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CSE 548 Analysis of Algorithms Homework 7

Anshul Anshul (aanshul) Amit Khandelwal (amkhandelwal)

October 15, 2014

1. Write down a recursive, memoized version of longest increasing subsequence algorithm. Your algorithm should take the form of pseudocode similar to what you see in lecture slides. The input to your algorithm

is an array A[1

parameter i and return the length of the longest increasing subsequence of A[1 Unlike the version discussed in class, do not explicitly construct the DAG. In fact, do not use any auxiliary data structure at all your program should not use any arrays, list, or other data structures beyond the input array A. Assume that memoization is handled implicitly, i.e., once you call LIS(i), the returned value will be saved using some mechanism that you dont need to know about, so that

The top-level function in your algorithm should be called LIS. It should take a

n].

Ans

repeat calls to LIS with the same i will immediately return with the value computed by the first call. What is the complexity of your recursive version?

Algorithm function: LIS (A, n, max) Input: A - represents the array of numbers A[1 n] n - number of elements in the A. max - pointer max will contain the maximum length till now. Initially its set to zero Output: returns length of the longest increasing subsequence of A[1 n]

Algorithm 1 Algorithm to return length of longest increasing subsequence.

1: procedure LIS (A, n, max)

2:

if n == 1 then

3:

return 1

4:

Set maxEndingHere = 1

5:

for

i = 1 to n do

6:

temp = LIS(A, i, max)

7:

if A[i 1] < A[n 1] and temp + 1 > maxEndingHere then

8:

maxEndingHere = temp + 1

9:

if (max < maxEndingHere) then

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max = maxEndingHere

11:

return maxEndingHere

Complexity of algorithm:- The time complexity of the above algorithm would be O(n 2 ). The node at top level will have (n 1) nodes below it. Then each node at next level will have further nodes below it. But we will be expanding each LIS[k]foronce. The expansion will be like as show below in the image.

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Figure 1: At the 2nd level, there will be n − 1 expansions. Then at

Figure 1:

At the 2nd level, there will be n 1 expansions. Then at the next level, there will be only n 2

expansions. This will continue till the last level. So the total expansions would be (n1)+(n2)+ This is equal to n (n 1)/2 expansions. Hence the time complexity of the memoized version will come O(n 2 ).

+1.

2. A contiguous subsequence of a list S is a subsequence made up of consecutive elements of S. For

subsequence but 5, 15, 40

a n .

Output: The contiguous subsequence of maximum sum (a subsequence of length zero has sum zero).

For the preceding example, the answer would be 10, 5, 40, 10, with a sum of 55

Algorithm function: SubSeq (S, n) Input: S - S represents the array of numbers x 1 , n - number of elements in the S. Output: returns maximum sum with the continuous subsequence

is not.

instance, if S is 5, 15, 30, 10, 5, 40, 10, then 15, 30, 10 is a contiguous

Give a linear-time algorithm for the following task: Input: A list of numbers, a 1 , a 2 ,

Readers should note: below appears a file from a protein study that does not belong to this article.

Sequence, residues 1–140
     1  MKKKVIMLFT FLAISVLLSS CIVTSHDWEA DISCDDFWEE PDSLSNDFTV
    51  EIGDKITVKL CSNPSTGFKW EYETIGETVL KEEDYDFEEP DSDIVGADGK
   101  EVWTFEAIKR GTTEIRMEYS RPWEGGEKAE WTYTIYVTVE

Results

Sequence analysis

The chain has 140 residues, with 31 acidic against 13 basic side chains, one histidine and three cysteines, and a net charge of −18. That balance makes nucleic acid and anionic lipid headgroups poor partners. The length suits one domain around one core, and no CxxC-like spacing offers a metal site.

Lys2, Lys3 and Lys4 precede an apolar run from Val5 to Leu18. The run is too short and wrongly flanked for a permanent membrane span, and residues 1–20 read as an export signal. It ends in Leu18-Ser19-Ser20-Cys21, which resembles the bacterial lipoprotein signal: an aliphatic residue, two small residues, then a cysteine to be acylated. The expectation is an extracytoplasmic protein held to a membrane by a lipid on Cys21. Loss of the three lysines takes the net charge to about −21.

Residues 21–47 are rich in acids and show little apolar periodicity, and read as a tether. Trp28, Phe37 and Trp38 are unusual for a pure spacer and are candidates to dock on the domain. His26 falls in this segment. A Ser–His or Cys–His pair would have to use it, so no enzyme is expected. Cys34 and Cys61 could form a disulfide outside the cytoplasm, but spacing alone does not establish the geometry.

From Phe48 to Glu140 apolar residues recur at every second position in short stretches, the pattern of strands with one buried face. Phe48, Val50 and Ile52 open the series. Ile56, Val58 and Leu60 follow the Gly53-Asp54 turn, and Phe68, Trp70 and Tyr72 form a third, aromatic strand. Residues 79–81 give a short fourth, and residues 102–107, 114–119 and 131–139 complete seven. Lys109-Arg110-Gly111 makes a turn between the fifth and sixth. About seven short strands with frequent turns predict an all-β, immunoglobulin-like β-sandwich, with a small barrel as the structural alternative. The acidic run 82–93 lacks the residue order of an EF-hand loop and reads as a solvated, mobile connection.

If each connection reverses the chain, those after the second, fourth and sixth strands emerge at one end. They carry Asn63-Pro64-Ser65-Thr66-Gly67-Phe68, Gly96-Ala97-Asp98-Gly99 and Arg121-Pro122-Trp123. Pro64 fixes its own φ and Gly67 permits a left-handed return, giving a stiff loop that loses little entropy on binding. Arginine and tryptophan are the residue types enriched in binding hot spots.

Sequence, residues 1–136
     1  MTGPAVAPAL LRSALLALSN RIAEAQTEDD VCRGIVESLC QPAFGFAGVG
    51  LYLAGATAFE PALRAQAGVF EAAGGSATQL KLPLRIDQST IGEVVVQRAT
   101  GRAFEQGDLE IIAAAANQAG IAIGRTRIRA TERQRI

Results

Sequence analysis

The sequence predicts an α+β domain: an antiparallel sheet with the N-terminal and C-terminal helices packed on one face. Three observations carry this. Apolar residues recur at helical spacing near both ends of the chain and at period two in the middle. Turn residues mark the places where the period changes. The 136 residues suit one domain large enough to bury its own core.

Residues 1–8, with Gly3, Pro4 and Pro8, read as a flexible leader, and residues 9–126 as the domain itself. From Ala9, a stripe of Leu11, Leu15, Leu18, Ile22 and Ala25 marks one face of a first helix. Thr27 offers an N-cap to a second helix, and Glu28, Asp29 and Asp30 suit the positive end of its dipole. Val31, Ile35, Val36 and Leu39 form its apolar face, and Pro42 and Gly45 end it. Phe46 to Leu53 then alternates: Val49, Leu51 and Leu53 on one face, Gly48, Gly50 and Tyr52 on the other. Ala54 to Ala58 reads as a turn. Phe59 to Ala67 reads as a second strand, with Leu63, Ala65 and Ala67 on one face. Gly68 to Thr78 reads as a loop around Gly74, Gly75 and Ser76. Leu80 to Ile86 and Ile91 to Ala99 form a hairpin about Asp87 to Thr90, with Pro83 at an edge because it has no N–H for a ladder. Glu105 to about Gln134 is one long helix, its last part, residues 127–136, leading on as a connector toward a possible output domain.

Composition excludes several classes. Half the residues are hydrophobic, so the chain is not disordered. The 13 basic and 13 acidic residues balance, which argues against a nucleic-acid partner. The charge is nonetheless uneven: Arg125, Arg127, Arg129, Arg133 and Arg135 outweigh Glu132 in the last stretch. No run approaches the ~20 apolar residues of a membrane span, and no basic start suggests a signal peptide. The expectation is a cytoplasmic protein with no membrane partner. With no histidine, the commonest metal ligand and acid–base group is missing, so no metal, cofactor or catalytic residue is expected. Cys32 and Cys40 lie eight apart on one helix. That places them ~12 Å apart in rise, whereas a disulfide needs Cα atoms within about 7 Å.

,

Ans

,

x

n

Algorithm 2 Algorithm to return contiguous subsequence of maximum sum.

1: procedure SubSeq (S, n)

2:

set maxEndingHere = S[0]

3:

set maxSum = S[0]

4:

for i = 1 to n do

5:

maxEndingHere = MAX(maxEndingHere + S[i], S[i])

6:

maxSum = MAX(maxEndingHere, maxSum)

7:

return maxSum

Complexity of algorithm:- The time complexity of the above algorithm would be O(n) since there is only single for loop. So the

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complexity is linear.

, x n , we wish to make change for a value

v; that is, we wish to find a set of coins whose total value is v. This might not be possible: for instance, if the denominations are 5 and 10 then we can make change for 15 but not for 12. Give an O(nv) dynamic-programming algorithm for the following problem.

Input: x 1 ,

Question: Is it possible to make change for v using coins of denominations x 1 ,

Algorithm function: ChangePossible (coin[], v)

Input: coin[] - represents the denomination array of size n having values x 1 ,

v - given sum.

Output: Return T rue if the given sum can be formed by available denominations otherwise returns

F alse

3. Given an unlimited supply of coins of denominations x 1 , x 2 ,

,

x n ; v.

, x n ?

,

x n

Ans

Algorithm 3 Algorithm to check if the sum can be formed from available denominations.

1: procedure ChangePossible (coin[], v)

2:

Create an array Table[v + 1][n + 1]

3:

for i = 0 to v do

4:

for j = 0 to n do

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if (i == 0) then

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Table[i][j] = True

7:

else if (i

= 0) and (j == 0) then

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Table[i][j] = False

9:

else

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X = ((i - Coin[j-1]) 0) ? Table[i- Coin[j-1]][j] : False)

11:

Y = j 0 ? Table[i][j-1] :

False

12:

Table[i][j] = X U Y

13:

return Table[v][n]

Complexity of algorithm:- The time complexity of the above algorithm would be O(nv) since there are two nested for loops of size n and v. Space complexity would be O(nv) because we are using an array of size n v.

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